1.3 The Branches of Statistics
You can use parameters and statistics either to describe your variables or to reach conclusions about your data. These two uses define the two branches of statistics: descriptive statistics and inferential statistics.
CONCEPT The branch of statistics that focuses on collecting, summarizing, and presenting a set of data.
EXAMPLES The mean age of citizens who live in a certain geographical area, the mean length of all books about statistics, the variation in the time that visitors spent visiting a website.
INTERPRETATION You are most likely to be familiar with this branch of statistics because many examples arise in everyday life. Descriptive statistics serves as the basis for analysis and discussion in fields as diverse as securities trading, the social sciences, government, the health sciences, and professional sports. Descriptive methods can seem deceptively easy to apply because they are often easily accessible in calculating and computing devices. However, this ease does not mean that descriptive methods are without their pitfalls, as Chapter 2 and Chapter 3 explain.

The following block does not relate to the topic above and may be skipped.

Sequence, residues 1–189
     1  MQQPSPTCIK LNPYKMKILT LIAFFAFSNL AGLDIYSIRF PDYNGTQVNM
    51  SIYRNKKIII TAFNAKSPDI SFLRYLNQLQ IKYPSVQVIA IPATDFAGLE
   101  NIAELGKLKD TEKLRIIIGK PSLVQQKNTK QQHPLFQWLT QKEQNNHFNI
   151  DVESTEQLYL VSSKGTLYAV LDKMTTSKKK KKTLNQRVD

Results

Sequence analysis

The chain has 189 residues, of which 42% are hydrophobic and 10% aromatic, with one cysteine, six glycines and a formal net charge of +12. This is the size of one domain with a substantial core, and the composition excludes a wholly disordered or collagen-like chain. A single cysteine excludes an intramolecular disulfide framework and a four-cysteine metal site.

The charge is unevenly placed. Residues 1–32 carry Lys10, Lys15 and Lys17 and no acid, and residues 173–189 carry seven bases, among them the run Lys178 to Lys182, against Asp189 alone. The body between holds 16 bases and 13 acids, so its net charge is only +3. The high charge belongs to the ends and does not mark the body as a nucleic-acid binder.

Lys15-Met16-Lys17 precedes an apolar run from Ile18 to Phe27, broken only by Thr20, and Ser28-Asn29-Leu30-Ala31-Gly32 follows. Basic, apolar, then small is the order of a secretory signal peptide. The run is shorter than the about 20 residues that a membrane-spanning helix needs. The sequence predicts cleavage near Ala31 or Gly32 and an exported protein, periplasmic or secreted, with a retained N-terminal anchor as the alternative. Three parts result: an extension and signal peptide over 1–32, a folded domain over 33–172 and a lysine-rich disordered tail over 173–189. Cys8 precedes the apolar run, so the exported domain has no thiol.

CONCEPT The branch of statistics that analyzes sample data to reach conclusions about a population.
EXAMPLE A survey that sampled 1,264 women found that 45% of those polled considered friends or family as their most trusted shopping advisers and only 7% considered advertising as their most trusted shopping adviser. By using methods discussed in Section 6.4, you can use these statistics to draw conclusions about the population of all women.
INTERPRETATION When you use inferential statistics, you start with a hypothesis and look to see whether the data are consistent with that hypothesis. This deeper level of analysis means that inferential statistical methods can be easily misapplied or misconstrued, and that many inferential methods require a calculating or computing device. (Chapters 6 through 9 discuss some of the inferential methods that you will most commonly encounter.)